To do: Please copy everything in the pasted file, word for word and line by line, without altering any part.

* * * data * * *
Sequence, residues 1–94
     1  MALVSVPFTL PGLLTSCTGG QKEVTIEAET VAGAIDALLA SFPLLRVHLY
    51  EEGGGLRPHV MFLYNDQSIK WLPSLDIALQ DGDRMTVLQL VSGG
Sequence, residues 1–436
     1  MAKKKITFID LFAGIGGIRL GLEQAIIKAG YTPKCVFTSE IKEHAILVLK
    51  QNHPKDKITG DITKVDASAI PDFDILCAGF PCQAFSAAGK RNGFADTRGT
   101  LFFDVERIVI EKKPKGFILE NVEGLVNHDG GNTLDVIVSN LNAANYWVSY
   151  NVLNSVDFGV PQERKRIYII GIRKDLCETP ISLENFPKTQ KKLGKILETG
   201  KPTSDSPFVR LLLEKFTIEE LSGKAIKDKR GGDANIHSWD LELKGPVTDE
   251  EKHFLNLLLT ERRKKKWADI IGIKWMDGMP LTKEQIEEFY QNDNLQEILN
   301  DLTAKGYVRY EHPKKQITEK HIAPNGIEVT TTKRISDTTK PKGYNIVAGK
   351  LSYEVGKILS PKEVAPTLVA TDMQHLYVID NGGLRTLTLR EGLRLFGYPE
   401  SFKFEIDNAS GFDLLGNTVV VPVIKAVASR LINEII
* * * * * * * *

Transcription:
Sequence, residues 1–94
     1  MALVSVPFTL PGLLTSCTGG QKEVTIEAET VAGAIDALLA SFPLLRVHLY
    51  EEGGGLRPHV MFLYNDQSIK WLPSLDIALQ DGDRMTVLQL VSGG
Sequence, residues 1–436
     1  MAKKKITFID LFAGIGGIRL GLEQAIIKAG YTPKCVFTSE IKEHAILVLK
    51  QNHPKDKITG DITKVDASAI PDFDILCAGF PCQAFSAAGK RNGFADTRGT
   101  LFFDVERIVI EKKPKGFILE NVEGLVNHDG GNTLDVIVSN LNAANYWVSY
   151  NVLNSVDFGV PQERKRIYII GIRKDLCETP ISLENFPKTQ KKLGKILETG
   201  KPTSDSPFVR LLLEKFTIEE LSGKAIKDKR GGDANIHSWD LELKGPVTDE
   251  EKHFLNLLLT ERRKKKWADI IGIKWMDGMP LTKEQIEEFY QNDNLQEILN
   301  DLTAKGYVRY EHPKKQITEK HIAPNGIEVT TTKRISDTTK PKGYNIVAGK
   351  LSYEVGKILS PKEVAPTLVA TDMQHLYVID NGGLRTLTLR EGLRLFGYPE
   401  SFKFEIDNAS GFDLLGNTVV VPVIKAVASR LINEII